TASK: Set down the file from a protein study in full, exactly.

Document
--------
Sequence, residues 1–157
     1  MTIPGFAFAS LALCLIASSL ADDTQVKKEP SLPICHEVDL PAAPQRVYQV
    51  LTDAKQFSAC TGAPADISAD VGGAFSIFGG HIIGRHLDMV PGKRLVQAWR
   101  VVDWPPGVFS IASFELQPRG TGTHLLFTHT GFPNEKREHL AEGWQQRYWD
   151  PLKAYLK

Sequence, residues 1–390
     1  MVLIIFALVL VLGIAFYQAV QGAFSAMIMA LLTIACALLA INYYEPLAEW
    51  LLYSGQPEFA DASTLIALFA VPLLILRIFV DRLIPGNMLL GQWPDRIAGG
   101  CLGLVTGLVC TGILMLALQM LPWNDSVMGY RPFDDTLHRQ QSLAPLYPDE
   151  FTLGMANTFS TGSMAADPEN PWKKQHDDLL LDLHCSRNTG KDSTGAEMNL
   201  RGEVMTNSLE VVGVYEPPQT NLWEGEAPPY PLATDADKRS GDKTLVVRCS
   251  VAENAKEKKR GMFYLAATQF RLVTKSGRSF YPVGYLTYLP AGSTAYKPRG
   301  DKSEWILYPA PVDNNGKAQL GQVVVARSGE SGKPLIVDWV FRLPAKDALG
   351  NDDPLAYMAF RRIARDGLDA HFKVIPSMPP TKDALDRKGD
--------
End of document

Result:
Sequence, residues 1–157
     1  MTIPGFAFAS LALCLIASSL ADDTQVKKEP SLPICHEVDL PAAPQRVYQV
    51  LTDAKQFSAC TGAPADISAD VGGAFSIFGG HIIGRHLDMV PGKRLVQAWR
   101  VVDWPPGVFS IASFELQPRG TGTHLLFTHT GFPNEKREHL AEGWQQRYWD
   151  PLKAYLK

Sequence, residues 1–390
     1  MVLIIFALVL VLGIAFYQAV QGAFSAMIMA LLTIACALLA INYYEPLAEW
    51  LLYSGQPEFA DASTLIALFA VPLLILRIFV DRLIPGNMLL GQWPDRIAGG
   101  CLGLVTGLVC TGILMLALQM LPWNDSVMGY RPFDDTLHRQ QSLAPLYPDE
   151  FTLGMANTFS TGSMAADPEN PWKKQHDDLL LDLHCSRNTG KDSTGAEMNL
   201  RGEVMTNSLE VVGVYEPPQT NLWEGEAPPY PLATDADKRS GDKTLVVRCS
   251  VAENAKEKKR GMFYLAATQF RLVTKSGRSF YPVGYLTYLP AGSTAYKPRG
   301  DKSEWILYPA PVDNNGKAQL GQVVVARSGE SGKPLIVDWV FRLPAKDALG
   351  NDDPLAYMAF RRIARDGLDA HFKVIPSMPP TKDALDRKGD